The Unapologetic Mathematician

Mathematics for the interested outsider

Matrices III

Given two finite-dimensional vector spaces U and V, with bases \left\{e_i\right\} and \left\{f_j\right\} respectively, we know how to build a tensor product: use the basis \left\{e_i\otimes f_j\right\}.

But an important thing about the tensor product is that it’s a functor. That is, if we have linear transformations S:U\rightarrow U' and T:V\rightarrow V', then we get a linear transformation S\otimes T:U\otimes V\rightarrow U'\otimes V'. So what does this operation look like in terms of matrices?

First we have to remember exactly how we get the tensor product S\otimes T. Clearly we can consider the function S\times T:U\times V\rightarrow U'\times V'. Then we can compose with the bilinear function U'\times V'\rightarrow U'\otimes V' to get a bilinear function from U\times V to U'\otimes V'. By the universal property, this must factor uniquely through a linear function U\otimes V\rightarrow U'\otimes V'. It is this map we call S\otimes T.

We have to pick bases \left\{e_k'\right\} of U' and \left\{f_l'\right\} of V'. This gives us a matrix coefficients s_i^k for S and t_j^l for T. To calculate the matrix for S\otimes T we have to evaluate it on the basis elements e_i\otimes f_j of U\otimes V. By definition we find:

\left[S\otimes T\right](e_i\otimes f_j)=S(e_i)\otimes T(f_j)=\left(s_i^ke_k'\right)\otimes\left(t_j^lf_l'\right)=s_i^kt_j^le_k'\otimes f_l'

that is, the matrix coefficient between the index pair (i,j) and the index pair (k,l) is s_i^kt_j^l.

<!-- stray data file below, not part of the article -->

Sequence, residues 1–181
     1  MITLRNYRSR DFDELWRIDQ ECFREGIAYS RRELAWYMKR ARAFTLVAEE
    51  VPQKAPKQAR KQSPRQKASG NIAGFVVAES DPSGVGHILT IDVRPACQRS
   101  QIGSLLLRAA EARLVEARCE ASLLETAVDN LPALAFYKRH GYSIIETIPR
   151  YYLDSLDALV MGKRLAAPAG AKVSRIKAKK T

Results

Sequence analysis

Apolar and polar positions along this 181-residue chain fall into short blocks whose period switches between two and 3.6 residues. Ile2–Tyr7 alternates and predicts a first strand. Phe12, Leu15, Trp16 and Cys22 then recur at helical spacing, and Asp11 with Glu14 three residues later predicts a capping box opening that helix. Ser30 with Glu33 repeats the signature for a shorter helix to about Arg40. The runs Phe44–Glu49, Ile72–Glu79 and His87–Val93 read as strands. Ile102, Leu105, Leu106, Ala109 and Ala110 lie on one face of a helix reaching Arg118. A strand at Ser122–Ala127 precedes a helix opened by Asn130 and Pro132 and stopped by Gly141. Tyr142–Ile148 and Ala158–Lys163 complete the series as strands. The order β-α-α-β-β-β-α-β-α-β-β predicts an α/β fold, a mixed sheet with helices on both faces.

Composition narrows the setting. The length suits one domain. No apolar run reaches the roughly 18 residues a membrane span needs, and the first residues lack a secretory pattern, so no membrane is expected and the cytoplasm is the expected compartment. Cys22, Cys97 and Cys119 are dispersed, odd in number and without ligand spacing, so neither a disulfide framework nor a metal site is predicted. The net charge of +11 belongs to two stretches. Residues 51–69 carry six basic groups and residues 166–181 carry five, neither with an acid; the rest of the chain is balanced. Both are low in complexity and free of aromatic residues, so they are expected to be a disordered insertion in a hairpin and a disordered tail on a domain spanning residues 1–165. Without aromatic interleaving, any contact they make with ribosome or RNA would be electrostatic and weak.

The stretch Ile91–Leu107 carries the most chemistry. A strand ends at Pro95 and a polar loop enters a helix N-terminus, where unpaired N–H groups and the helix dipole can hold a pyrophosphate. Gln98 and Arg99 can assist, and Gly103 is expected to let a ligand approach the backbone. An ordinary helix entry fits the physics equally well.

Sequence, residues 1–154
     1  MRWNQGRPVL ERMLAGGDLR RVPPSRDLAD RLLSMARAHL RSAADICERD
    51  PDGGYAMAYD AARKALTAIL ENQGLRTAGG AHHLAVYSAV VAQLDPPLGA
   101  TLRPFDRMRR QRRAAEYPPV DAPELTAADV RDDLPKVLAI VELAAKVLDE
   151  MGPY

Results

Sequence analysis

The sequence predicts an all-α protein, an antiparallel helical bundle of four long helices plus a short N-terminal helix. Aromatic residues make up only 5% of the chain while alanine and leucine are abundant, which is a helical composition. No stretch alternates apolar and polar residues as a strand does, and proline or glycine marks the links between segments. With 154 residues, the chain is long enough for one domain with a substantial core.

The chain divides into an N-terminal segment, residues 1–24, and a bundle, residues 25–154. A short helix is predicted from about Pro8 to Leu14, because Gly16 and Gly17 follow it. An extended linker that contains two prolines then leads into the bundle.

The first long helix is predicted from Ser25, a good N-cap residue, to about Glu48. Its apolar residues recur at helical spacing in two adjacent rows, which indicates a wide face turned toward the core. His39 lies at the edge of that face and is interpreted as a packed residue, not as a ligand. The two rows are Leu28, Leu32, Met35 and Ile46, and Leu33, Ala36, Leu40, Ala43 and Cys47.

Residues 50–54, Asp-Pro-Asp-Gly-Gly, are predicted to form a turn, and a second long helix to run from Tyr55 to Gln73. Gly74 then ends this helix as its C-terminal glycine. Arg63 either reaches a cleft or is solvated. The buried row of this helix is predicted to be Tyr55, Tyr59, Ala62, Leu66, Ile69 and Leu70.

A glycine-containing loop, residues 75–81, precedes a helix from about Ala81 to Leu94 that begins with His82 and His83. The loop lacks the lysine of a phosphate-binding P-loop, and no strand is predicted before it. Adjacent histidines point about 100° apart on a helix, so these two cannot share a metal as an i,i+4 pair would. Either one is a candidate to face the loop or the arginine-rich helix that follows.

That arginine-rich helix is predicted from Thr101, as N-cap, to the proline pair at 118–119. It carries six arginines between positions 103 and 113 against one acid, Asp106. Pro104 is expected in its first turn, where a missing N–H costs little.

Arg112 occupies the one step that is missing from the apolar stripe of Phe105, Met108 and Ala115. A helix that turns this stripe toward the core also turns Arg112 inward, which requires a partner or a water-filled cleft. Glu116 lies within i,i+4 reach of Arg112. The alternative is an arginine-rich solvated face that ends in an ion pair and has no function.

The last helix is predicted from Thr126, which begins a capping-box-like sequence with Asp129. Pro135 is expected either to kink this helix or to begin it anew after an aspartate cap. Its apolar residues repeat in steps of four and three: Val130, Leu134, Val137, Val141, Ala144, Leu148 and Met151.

It’s not often taught anymore, but there is a name for this operation: the Kronecker product. If we write the matrices (as opposed to just their coefficients) \left(s_i^k\right) and \left(t_j^l\right), then we write the Kronecker product \left(s_i^k\right)\boxtimes\left(t_j^l\right)=\left(s_i^kt_j^l\right).

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May 26, 2008 - Posted by | Algebra, Linear Algebra

6 Comments »

  1. [...] Like we saw with the tensor product of vector spaces, the dual space construction turns out to be a functor. In [...]

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  2. [...] is one slightly touchy thing we need to be careful about: Kronecker products. When the upper index is a pair with and we have to pick an order on the set of such pairs. [...]

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  3. [...] the monoidal product on objects by multiplication — — and on morphisms by using the Kronecker product. That is, if we have an matrix and an matrix , then we get the Kronecker [...]

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  4. [...] wait, there’s more! The functor is linear over , so it’s a functor enriched over . The Kronecker product of matrices corresponds to the monoidal product of linear transformations, so the functor is [...]

    Pingback by The Category of Matrices III « The Unapologetic Mathematician | June 23, 2008 | Reply

  5. [...] can recognize this as a Kronecker product of two [...]

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  6. [...] want. And we know that when expressed in matrix form, the tensor product of linear maps becomes the Kronecker product of matrices. We write the character of as , that of as , and that of their tensor product as , [...]

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